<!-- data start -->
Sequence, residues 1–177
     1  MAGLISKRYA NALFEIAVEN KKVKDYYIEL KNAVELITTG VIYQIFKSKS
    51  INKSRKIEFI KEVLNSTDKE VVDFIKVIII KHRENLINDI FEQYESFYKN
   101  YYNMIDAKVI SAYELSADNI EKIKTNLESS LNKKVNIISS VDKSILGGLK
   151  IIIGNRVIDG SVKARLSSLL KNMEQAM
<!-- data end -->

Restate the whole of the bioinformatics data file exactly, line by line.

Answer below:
Sequence, residues 1–177
     1  MAGLISKRYA NALFEIAVEN KKVKDYYIEL KNAVELITTG VIYQIFKSKS
    51  INKSRKIEFI KEVLNSTDKE VVDFIKVIII KHRENLINDI FEQYESFYKN
   101  YYNMIDAKVI SAYELSADNI EKIKTNLESS LNKKVNIISS VDKSILGGLK
   151  IIIGNRVIDG SVKARLSSLL KNMEQAM